Clean agent fire suppression systems

The next edition of NFPA 2001, Standard on Clean Agent Fire Extinguishing Systems, will be published later in 2011. Updates will capture advancements in technologies and the latest thinking on the subject.

By Milosh Puchovsky, PE, FSFPE, Worcester Polytechnic Institute, Worcester, Mass May 10, 2011

NFPA 2001, Standard on Clean Agent Fire Extinguishing Systems, which is published by the National Fire Protection Assn. (NFPA), serves as the principal (primary) standard covering clean agents and the systems used to store and discharge the agents for fire protection purposes.

The next edition of NFPA 2001 is set for publication in late summer 2011. While the standard was set for an earlier publication date, certain issues could not be resolved during the document’s initial revision cycle timetable, and in accordance with NFPA’s Codes and Standards Making Process, these issues have been scheduled for consideration at NFPA’s 2011 Association Technical Meeting in Boston, June 12-15, 2011, during the NFPA Conference and Expo.

In addition to highlighting the issues that caused NFPA 2001’s delay in publication, this article summarizes key technical changes for the next edition of the standard. These changes will affect how engineers, designers, and facility operators need to consider future installations of clean agent fire suppression systems. Specific details regarding the changes to NFPA 2001 and pending issues to be considered by the NFPA membership in June can be found in the 2010 Fall Revision Cycle Report on Proposals, 2010 Fall Revision Cycle Report on Comments, and the Report of the NFPA Motions Committee on Fall 2010 Revision Cycle Documents. The changes discussed below are presented in the order in which the relevant sections appear in NFPA 2001, and not in any order of importance or priority.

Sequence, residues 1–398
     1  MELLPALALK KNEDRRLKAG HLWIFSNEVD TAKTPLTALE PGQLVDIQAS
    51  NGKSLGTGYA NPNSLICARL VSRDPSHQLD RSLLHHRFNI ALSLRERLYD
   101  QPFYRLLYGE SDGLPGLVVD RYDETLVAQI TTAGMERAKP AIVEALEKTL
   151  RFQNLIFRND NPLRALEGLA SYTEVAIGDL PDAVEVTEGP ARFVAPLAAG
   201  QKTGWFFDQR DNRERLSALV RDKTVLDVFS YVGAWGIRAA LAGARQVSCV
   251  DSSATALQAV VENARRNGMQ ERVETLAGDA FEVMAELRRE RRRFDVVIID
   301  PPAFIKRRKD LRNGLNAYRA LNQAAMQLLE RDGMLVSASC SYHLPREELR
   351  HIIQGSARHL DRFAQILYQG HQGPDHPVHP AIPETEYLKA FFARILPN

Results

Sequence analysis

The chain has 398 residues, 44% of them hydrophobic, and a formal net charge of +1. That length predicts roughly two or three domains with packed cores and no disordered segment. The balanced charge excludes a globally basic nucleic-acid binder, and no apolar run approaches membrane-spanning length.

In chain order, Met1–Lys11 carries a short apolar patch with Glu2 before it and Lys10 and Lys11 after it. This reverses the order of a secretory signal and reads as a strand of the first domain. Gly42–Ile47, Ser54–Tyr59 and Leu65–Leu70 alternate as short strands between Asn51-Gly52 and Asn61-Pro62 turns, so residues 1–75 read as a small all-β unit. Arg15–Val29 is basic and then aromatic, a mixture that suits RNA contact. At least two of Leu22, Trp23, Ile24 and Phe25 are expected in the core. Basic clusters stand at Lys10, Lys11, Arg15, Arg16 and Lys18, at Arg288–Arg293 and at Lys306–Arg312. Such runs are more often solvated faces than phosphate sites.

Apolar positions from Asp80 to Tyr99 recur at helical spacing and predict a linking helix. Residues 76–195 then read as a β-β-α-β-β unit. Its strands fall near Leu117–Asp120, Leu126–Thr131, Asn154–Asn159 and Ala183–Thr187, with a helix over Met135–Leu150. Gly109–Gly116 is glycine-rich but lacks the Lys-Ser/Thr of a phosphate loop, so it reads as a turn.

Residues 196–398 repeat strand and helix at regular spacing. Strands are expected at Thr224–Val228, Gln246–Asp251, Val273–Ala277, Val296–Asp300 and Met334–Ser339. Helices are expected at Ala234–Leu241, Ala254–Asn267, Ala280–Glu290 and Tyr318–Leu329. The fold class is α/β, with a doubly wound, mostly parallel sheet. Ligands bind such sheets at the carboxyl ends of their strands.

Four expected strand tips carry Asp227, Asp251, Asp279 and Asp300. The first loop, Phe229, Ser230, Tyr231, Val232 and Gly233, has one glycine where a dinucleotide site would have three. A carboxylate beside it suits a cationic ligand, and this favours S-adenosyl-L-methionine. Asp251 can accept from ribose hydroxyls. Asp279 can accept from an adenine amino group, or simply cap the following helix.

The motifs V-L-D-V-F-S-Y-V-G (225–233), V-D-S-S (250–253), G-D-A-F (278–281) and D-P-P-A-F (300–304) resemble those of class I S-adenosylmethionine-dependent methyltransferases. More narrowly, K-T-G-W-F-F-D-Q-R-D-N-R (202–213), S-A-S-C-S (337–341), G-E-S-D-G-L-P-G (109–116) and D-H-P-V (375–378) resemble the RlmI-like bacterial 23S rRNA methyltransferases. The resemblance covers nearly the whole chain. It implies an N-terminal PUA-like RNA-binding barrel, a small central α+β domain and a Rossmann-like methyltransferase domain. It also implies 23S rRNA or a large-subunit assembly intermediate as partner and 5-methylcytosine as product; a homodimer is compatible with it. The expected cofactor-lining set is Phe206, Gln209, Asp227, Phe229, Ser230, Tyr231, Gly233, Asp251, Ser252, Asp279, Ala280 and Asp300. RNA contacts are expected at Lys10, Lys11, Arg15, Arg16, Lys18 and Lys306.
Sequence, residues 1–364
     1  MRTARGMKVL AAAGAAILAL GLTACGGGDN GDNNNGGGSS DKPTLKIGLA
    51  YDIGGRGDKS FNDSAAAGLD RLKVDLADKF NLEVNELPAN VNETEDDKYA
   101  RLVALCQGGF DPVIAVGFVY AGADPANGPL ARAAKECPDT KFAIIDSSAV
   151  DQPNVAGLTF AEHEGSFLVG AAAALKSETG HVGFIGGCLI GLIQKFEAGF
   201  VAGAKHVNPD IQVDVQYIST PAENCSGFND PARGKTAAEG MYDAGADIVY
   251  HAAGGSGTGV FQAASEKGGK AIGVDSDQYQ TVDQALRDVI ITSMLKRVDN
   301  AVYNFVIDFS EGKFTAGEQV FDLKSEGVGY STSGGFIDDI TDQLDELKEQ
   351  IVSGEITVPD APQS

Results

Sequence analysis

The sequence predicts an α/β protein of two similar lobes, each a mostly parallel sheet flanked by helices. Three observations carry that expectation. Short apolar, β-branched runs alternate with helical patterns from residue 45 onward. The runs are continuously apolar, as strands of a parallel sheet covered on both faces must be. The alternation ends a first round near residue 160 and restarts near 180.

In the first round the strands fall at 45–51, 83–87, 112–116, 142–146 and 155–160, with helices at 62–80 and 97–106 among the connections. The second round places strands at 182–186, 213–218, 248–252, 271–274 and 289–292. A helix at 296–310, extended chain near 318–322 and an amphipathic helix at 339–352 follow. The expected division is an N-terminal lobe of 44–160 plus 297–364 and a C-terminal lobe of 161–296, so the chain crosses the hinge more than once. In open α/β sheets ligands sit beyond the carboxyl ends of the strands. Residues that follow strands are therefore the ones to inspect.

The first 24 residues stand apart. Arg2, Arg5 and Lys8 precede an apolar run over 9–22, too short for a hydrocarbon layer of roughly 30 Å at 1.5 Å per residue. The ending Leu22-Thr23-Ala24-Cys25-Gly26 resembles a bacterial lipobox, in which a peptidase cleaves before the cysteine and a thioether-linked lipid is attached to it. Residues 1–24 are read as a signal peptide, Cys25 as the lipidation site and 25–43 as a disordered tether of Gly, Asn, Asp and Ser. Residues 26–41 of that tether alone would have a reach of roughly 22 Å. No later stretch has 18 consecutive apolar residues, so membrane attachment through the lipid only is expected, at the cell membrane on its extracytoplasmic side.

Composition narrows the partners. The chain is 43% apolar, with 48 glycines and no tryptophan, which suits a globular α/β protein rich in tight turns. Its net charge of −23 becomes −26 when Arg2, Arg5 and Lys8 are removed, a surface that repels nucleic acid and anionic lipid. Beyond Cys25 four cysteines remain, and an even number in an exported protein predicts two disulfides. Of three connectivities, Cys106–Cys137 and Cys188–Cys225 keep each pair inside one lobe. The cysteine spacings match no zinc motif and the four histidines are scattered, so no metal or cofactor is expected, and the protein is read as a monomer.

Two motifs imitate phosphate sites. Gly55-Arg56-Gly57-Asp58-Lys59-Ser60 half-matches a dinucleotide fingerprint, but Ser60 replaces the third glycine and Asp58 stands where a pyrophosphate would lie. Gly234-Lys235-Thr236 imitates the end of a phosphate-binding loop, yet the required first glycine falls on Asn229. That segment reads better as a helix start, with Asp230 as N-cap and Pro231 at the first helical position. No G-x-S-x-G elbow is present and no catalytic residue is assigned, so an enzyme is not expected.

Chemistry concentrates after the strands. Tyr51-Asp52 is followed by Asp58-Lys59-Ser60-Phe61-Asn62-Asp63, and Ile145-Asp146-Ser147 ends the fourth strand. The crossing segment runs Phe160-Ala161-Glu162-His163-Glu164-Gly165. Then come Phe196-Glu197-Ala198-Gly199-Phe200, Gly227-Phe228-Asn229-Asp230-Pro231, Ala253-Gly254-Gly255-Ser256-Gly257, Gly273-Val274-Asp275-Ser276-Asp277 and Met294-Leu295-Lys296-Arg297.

Certain kinds of facilities and operations present unique fire protection challenges. Facilities like telecommunication and data centers, process control rooms, high-value medical facilities, and museums and libraries, to name a few, require not only rapid extinguishment of a fire, but also the use of suppression agents that are nonconductive, do not pose cleanup difficulties, and are not hazardous to personnel. Since the phaseout of halogenated agents was initiated in 1994 due to the detrimental effect of halons on the environment, clean agent fire suppression systems have been used to meet the fire protection needs for many of the above types of applications.

Clean agents are nonconducting fire extinguishants that vaporize readily and do not leave a residue upon evaporation. Clean agents consist of halocarbons or inert gases, and are subject to specific evaluation with regard to their hazards to personnel and their effect on the environment prior to being officially classified as a clean agent. Halocarbons serve to extinguish fire primarily by cooling, whereas inert gases serve to extinguish fire by diluting the concentration of oxygen in the vicinity of the combustion reaction zone. Clean agents are normally stored under high pressure as a liquid and readily vaporize when released to the atmosphere upon discharge from a properly designed system.